You want to tell stories to your digital audiences. No, really, I’m telling you that you want to. In fact, you have to. There’s just too much noise out there to continue broadcasting your message. You’ve got to get intimate with your audience. Digital enables you to form powerful one-on-one relationships with your audience, and the best way to do that is through stories.
I recently gave a presentation at the Content2Conversion conference in New York in April that explored not only why this is important, but how to also make your own stories more impactful, meaningful, and ultimately, more engaging by adhering to 9 best practices. Click on the video below to watch a recorded broadcast of the presentation. I’ve also included some bullet points that capture the high level points communicated as part of the presentation and will be posting the slides from Slideshare soon.
And here are the high-level points in that presentation (in case you’ve already watched and just want those 9 Cs again; I’ve even bolded them):
- Stories are important
- Stories are containers for ideas that are easier to communicate when they are framed as a story. Example: traveling by yourself in the forest as a young child (which is a metaphor for the world) without parents or help can be dangerous because there are a lot of “wolves” out there. AKA, Little Red Riding Hood.
- Stories evoke emotion. They make us laugh. They make us cry. They move us to action.
- Movies are great examples of stories.
- Digital changes everything by enabling stories with videos and images. By extending stories into cross-channel/multi-channel experiences (i.e., transmedia).
- Digital supercharges stories to engage and improve intimacy
- What makes a good story digitally for business?
- #1: Connected. Stories have to connect us to other people. They have to involve us in a “shared” experience (no matter how much Facebook wants us to think we are the center of the digital universe, we really aren’t)
- #2: Committed. Embracing storytelling isn’t a “one-and-done” mentality. Coca Cola has committed tens of millions of dollars to reshaping the way they engage and interact with audiences through content. It has to be a life-long change.
- #3: Customer. The story has to be about the customer. Period. It can’t be about your product or your company.
- #4: Character. The story has to have a character. That’s with whom the audience forms an emotional bond. They have to be in conflict. They have to have something to lose.
- #5: Crescendo. The story has to have an ending. It has to wrap up somehow. You can’t leave audiences hanging.
- #6: aCountable. The story has to be driven by numbers. If there’s no way to see where users disengage, no way to measure how effective the story is, then it doesn’t really serve any business purpose.
- #7: Consistent. Users are on multiple devices every day. The story has to not only be available on all of them but has to be consistent across it. You can’t tell one story to one device and a different one to another. Branding, look and feel, style, tone. The experience has to be consistent.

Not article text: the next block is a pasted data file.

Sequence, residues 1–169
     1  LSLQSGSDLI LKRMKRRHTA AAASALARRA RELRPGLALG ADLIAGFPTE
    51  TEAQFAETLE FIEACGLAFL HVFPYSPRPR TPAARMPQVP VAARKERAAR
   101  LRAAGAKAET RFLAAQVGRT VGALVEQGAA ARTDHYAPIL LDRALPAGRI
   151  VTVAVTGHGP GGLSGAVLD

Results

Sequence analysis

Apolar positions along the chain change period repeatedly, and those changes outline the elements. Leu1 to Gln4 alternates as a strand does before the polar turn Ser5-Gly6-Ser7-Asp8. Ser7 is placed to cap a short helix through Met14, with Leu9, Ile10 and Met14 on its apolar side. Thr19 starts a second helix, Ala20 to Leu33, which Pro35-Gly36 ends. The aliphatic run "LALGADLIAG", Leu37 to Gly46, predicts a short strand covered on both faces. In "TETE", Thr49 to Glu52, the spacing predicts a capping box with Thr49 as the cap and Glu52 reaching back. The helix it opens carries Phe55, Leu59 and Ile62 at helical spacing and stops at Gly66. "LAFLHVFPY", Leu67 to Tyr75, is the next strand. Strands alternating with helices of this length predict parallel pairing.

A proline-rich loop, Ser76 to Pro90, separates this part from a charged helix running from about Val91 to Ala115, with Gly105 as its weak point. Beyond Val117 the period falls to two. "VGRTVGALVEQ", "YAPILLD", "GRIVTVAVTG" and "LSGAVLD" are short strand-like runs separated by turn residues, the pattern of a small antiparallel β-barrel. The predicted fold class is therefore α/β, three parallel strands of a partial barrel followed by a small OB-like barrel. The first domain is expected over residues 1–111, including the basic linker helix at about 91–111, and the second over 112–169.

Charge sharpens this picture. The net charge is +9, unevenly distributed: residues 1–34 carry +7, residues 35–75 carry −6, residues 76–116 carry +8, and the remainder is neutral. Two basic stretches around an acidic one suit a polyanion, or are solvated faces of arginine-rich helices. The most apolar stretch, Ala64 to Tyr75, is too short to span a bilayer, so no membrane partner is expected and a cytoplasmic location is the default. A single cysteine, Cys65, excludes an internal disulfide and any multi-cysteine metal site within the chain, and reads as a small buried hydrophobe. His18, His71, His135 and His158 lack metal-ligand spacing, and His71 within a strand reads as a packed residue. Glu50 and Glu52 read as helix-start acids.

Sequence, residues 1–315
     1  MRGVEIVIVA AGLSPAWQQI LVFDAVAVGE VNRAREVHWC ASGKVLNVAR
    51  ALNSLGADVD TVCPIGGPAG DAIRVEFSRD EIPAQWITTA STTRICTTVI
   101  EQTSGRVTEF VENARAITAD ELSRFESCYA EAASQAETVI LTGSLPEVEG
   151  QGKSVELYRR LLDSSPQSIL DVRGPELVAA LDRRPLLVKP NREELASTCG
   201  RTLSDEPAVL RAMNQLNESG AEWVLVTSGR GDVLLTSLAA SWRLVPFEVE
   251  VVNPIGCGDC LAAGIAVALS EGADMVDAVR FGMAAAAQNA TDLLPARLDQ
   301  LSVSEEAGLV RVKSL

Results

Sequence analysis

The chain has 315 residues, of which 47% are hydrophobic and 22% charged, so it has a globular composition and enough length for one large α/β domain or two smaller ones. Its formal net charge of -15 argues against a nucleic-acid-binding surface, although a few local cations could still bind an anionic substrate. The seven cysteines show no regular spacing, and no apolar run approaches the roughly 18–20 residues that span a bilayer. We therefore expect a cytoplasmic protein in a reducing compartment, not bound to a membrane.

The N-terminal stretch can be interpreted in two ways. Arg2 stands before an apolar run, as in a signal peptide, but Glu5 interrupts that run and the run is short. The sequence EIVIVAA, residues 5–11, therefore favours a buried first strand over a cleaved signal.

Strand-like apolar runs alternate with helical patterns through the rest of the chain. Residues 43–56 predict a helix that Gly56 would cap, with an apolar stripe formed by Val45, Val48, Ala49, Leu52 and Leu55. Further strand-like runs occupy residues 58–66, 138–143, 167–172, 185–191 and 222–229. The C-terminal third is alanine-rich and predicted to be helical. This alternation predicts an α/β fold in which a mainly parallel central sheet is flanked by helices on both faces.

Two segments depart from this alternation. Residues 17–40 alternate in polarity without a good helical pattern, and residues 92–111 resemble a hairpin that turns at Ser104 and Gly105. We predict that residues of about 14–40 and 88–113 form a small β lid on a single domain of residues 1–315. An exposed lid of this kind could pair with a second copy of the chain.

- #8: Conversion. The story ultimately has to convert audience members to customers. Otherwise, you are just wasting your breath.
- #9. cEmotional. Stories have to be emotional. They have to elicit a reaction from the audience. Laughter. Crying. Shaking a fist. If the story fails to connect with an audience emotionally, they will forget it, and all your storytelling hard work will be for naught.
- Stories are strung together with a narrative arc. That’s what drives emotion. When a character has something to lose, there’s a conflict to not lose it, and then there’s a resolution (either losing it or not losing it).
- Stories evoke emotions. Biologically when our brains encounter a narrative arc (and we follow it) endorphins are released. There is a biological and chemical reaction that humans have to storytelling. That’s powerful.
- Stories help us engage with audiences. Ultimately, they help us become more intimate with our audiences.
- There’s a way to speed that up, though. It’s video.
- There’s a “level of relationship” pyramid.
- At the bottom is awareness. Your audience knows who you are, but they don’t even think about you. I know who Starbucks is, but I don’t go into their stores.
- Next is acquaintance. Maybe I would go into Starbucks if I was wandering down the street, suddenly wanted coffee, and that happened to be the only coffee shop in 10 miles.
- After that is friend. When I think coffee, I think Starbucks usually. I’ll branch out, just based on convenience (there’s a Dunkin Donuts right down the road, but Starbucks is a mile past that; yeah, I’m not traveling the extra mile). I do appreciate Starbucks product and their company. In fact, I like their Facebook page and sometimes check out their website for new stuff.
- After friend is confidante. If I am a confidante, I’m sharing info with Starbucks who is trying to personalize my experience. Maybe it’s through their reward card. I actively seek them out for my coffee fix. I might even walk a little further down the road to get to one. When I’m on Google maps, I don’t search for “coffee shops” I search for “Starbucks.”
- Finally, there is BFF. Every marketer wants every one of their audience to be BFFs. If I was Starbucks’ BFF I would get into fist fights with people who dared to say that Dunkin Donuts’ coffee was better. I wear Starbucks apparel. I am active in their Facebook conversations. I share my Starbucks experiences with them. I am a loyal reward member and have provided lots of information to Starbucks that they use to make my experience with their digital presence and retail locations more personalized.
- Video gets you to BFF faster because it helps accelerate engagement. When it’s combined with storytelling that means faster emotional connection.